Many consider project planning a waste of time, arguing that environments, circumstances and objectives continuously change. Their experience or impression is that project delivery is all reactive anyway.

“What’s the point?”

Unfortunately, what very often happens, is that the only person who understands the plan is the author themselves.  Plans often contain disproportionate levels of undecipherable detail, which leads to misunderstanding and distrust in the plan and process. Industries have been established through software developers’ claims that their products ‘are’ project management and planning. We would disagree.

Whilst arguably an efficient tool for depicting activity against time, the Gantt chart itself, with its many little horizontal bars, in our opinion, has a great deal to answer for in fueling negative feeling towards planning. How often have we experienced a presenter advance to the next slide containing the project plan, commenting ‘…don’t worry if you cannot read it…’. We ask: ‘Then what’s the point?’

The benefits of project planning

So if you’re in agreement that it seems to be a waste of time, why bother with the  project plan?

We would ask a different question: What project would not be improved by establishing the following?

  • A common and agreed delivery strategy focused on project objectives;
  • A clear judgement as to whether the project can actually be delivered;
  • A real engagement of project stakeholders; and, importantly,
  • A baseline that is measurable and permits project control mechanisms.

Assuming the above sounds like a worthy list of outcomes, how can a project plan achieve them?

What does a good project plan look like?

Well it certainly shouldn’t be a blow by blow activity schedule through the entire project lifecycle. There are other plans that need such detail. The project plan, however, has a different purpose and will not help with realising the above.

Ideally, the plan fits onto a single piece of paper. In fact, if it can’t, then the author has somewhat missed the point. It certainly doesn’t need to be a Gantt chart, in fact it’s often better it isn’t. There is nothing wrong with it being hand-drawn – indeed, we are yet to find software that improves upon paper, pen and an experienced brain to develop the plan. There can often also be great benefit if the plan is collaboratively generated as a team.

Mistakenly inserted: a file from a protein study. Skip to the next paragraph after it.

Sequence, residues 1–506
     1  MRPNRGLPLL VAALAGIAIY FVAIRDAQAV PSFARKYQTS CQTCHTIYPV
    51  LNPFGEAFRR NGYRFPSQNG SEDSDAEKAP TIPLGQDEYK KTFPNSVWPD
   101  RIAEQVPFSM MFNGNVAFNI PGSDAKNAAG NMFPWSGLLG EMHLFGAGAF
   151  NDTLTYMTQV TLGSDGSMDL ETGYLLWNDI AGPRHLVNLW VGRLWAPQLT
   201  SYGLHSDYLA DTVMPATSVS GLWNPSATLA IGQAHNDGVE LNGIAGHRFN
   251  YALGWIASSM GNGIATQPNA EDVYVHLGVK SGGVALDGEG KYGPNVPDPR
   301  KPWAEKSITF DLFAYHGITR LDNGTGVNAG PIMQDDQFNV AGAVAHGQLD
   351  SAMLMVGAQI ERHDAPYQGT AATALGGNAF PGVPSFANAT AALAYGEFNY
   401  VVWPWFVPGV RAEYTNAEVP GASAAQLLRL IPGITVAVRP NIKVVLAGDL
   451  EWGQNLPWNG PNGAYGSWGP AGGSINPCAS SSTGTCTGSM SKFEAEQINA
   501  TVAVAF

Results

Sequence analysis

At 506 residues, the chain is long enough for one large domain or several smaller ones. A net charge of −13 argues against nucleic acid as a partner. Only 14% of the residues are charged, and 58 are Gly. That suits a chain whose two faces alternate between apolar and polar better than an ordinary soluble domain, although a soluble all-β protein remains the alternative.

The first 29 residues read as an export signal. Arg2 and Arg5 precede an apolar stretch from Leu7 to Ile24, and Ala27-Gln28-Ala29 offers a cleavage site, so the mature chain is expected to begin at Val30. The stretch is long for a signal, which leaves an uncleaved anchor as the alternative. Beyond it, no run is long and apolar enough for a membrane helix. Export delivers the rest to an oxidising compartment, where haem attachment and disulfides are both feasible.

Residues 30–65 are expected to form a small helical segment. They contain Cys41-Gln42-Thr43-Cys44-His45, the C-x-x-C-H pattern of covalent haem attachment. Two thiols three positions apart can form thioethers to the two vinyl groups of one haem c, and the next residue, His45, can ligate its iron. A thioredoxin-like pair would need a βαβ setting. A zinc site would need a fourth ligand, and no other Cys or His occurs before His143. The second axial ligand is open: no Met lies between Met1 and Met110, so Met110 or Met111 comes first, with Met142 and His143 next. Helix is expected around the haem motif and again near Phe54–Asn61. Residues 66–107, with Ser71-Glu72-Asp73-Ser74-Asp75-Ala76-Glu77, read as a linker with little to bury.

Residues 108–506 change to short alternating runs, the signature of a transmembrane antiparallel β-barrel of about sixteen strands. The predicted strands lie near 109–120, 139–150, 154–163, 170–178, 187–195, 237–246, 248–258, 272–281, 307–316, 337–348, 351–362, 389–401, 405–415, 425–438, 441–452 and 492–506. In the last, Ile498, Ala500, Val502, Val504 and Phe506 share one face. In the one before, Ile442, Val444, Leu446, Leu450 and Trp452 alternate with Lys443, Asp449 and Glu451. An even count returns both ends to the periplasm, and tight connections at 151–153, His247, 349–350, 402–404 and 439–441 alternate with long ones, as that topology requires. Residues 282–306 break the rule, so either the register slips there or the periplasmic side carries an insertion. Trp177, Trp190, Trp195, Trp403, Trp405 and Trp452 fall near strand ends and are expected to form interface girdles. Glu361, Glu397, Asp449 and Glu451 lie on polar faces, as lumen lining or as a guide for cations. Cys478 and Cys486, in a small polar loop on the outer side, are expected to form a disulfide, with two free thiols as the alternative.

The most important attribute for the plan is it being legible and understood by all.  It must be uncluttered, without need of explanation and instantly recognisable as something deliverable. Yet not all project managers have the experience or skills to develop a good project plan.

Creating a solid platform

At Tandem Projects, we call the plan a ‘strategic plan of work’. We promote that it establishes a solid platform through which the project is delivered. We guarantee that the strategic plan will deliver:

  • Strategic alignment
  • Objective focus
  • Leadership, accountability and agreed responsibilities
  • A baseline to judge and make informed decisions
  • Quality management
  • Actual management of risk
  • Continuous review and improvement

Project planning ‘if done well’ is therefore not a waste of time and actually can make a tangible difference.  For your next project, take the time to get it done right, develop a solid and realistic strategic plan – see the difference for yourself.

And if you’re still not a believer, give us 20 minutes, a cup of tea and an open mind to demonstrate…